External links

* A [http://www.mutopiaproject.org/cgibin/make-table.cgi?preview=1&searchingfor=sinfonia&Composer=&Instrument=&Style=&timelength=1&timeunit=week&lilyversion= selection of "sinfonias"] (from the Mutopia project)


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  • sinfonia — ● sinfonia nom féminin (italien sinfonia, du latin symphonia, symphonie) Ritournelle instrumentale, dans un ballet ou une pastorale, en Italie, aux XVIe et XVIIe s. Ouverture d opéra en Italie, jusqu à la fin du XVIIIe s. ⇒SINFONIA, subst. fém.… …   Encyclopédie Universelle

  • sinfonía — sustantivo femenino 1. Composición musical para orquesta que consta de más de un movimiento: sinfonía número cuatro de Schubert en do menor. 2. Composición instrumental que precede a ciertas óperas y otras obras teatrales. 3. Conjunto de voces,… …   Diccionario Salamanca de la Lengua Española

  • Sinfonia —   [italienisch, vergleiche Sinfonie] die, /...ni |e, im späten 16. und frühen 17. Jahrhundert ein Ensemblestück für Gesang und Instrumente (G. Gabrieli, H. Schütz), ab dem späteren 17. Jahrhundert hauptsächlich ein reines Instrumentalstück… …   Universal-Lexikon

  • Sinfonia — er italiensk for en symfoni; ouverture. I det 17. og 18. århundrede blev navnet anvendt som titel på instrumentalværker af skiftende karakter. I barokmusik betegner sinfonia en orkesterindledning til en opera …   Danske encyklopædi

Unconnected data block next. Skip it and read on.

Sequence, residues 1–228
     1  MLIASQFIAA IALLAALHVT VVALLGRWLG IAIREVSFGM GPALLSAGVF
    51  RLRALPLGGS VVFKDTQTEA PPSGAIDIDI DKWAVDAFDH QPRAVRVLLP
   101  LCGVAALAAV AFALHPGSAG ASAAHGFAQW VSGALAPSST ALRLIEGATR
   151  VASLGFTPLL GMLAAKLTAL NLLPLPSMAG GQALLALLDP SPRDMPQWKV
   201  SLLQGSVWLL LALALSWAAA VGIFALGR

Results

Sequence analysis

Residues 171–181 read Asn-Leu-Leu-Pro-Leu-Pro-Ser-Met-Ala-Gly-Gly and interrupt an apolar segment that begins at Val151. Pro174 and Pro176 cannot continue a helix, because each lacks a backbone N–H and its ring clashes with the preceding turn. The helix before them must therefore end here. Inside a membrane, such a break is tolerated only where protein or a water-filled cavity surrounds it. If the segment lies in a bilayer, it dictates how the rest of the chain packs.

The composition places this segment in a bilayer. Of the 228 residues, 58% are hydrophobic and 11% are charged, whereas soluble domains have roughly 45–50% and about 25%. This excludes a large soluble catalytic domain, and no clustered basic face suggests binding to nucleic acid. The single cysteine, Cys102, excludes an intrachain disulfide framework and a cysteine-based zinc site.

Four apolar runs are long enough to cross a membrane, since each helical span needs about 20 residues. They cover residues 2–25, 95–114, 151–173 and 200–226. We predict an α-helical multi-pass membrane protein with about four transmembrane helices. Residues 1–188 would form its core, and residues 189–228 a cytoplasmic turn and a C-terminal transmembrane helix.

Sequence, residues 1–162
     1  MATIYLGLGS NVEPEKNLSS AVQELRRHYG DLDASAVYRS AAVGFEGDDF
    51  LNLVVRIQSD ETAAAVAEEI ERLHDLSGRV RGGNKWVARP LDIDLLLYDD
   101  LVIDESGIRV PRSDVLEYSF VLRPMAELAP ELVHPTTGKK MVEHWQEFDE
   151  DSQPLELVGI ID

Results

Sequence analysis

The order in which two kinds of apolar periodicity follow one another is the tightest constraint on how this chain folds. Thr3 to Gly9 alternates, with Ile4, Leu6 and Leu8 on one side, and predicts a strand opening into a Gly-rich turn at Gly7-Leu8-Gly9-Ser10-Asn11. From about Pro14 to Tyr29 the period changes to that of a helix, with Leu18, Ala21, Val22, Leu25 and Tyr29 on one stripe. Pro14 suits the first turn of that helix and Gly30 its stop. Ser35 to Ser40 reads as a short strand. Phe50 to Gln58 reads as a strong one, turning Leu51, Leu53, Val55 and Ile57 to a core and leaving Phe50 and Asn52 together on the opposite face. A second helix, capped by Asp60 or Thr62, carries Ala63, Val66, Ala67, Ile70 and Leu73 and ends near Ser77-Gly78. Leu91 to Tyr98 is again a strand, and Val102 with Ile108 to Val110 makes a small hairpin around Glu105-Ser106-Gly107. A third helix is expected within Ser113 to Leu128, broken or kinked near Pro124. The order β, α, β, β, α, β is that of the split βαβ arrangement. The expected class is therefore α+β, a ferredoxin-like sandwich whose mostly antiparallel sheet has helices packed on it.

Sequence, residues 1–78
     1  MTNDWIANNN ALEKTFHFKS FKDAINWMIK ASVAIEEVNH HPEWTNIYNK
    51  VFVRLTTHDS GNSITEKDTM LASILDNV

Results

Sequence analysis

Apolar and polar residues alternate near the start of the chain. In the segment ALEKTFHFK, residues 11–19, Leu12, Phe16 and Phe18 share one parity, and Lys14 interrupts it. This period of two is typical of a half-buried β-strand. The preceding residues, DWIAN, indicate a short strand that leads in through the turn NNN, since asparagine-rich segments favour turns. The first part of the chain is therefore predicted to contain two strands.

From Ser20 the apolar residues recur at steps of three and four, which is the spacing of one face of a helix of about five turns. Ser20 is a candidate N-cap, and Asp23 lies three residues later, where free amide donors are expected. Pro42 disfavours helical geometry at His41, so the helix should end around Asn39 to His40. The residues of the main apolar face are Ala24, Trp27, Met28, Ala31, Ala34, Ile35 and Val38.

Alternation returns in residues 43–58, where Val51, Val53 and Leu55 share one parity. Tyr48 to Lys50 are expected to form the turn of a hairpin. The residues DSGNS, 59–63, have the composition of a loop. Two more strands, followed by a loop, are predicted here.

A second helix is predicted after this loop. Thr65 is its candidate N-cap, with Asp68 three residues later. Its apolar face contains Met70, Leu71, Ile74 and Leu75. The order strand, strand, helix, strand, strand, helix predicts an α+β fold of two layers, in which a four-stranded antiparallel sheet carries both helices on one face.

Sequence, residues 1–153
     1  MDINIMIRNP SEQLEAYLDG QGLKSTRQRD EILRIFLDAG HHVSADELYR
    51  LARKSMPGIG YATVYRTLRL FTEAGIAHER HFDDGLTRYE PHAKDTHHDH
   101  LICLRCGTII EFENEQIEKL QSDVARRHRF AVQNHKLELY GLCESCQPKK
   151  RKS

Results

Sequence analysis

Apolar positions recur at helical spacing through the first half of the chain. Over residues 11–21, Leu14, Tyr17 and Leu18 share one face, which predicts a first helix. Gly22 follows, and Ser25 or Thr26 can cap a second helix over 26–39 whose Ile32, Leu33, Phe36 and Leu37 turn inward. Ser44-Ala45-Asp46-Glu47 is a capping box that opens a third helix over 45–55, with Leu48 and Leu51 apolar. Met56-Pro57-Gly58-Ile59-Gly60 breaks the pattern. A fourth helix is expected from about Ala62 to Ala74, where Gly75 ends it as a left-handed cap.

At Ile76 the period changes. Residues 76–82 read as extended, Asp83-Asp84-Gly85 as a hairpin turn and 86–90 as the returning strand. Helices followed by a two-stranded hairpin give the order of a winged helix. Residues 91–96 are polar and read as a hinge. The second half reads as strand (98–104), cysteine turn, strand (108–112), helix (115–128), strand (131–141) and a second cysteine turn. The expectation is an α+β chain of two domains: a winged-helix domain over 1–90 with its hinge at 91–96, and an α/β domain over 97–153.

• sinfonia — SINFONÍA s. f. (muz.) introducere instrumentală a unei arii; uvertură a unei opere. (< it. sinfonia) Trimis de raduborza, 15.09.2007. Sursa: MDN …   Dicționar Român

  • sinfonia — /sinfo nia/ s.f. [dal gr. symphōnía accordo di suoni , comp. di sýn con, insieme e phōnḗ suono ]. 1. (poet.) [complesso armonico di suoni e voci: dì perché si tace in questa rota La dolce s. di paradiso Che giù per l altre suona sì divota… …   Enciclopedia Italiana

  • sinfonia — s. f. 1. Reunião de vozes ou sons; harmonia. 2. Composição para orquestra dividida em três ou quatro partes: alegro, andante ou adágio, minuete ou scherzo e rondó ou alegro vivo …   Dicionário da Língua Portuguesa

  • sinfonía — (Del lat. symphonĭa, y este del gr. συμφωνία, de σύμφωνος, que une su voz, acorde, unánime). 1. f. Conjunto de voces, de instrumentos, o de ambas cosas, que suenan acordes a la vez. 2. Composición instrumental para orquesta. 3. Pieza de música… …   Diccionario de la lengua española

  • sinfonia — [sin΄fə nē′ə] n. [It < L symphonia, SYMPHONY] any of various early Italian instrumental works; esp., a type of overture, as to an opera …   English World dictionary

  • Sinfonía — Este artículo o sección necesita referencias que aparezcan en una publicación acreditada, como revistas especializadas, monografías, prensa diaria o páginas de Internet fidedignas. Puedes añadirlas así o avisar al autor …   Wikipedia Español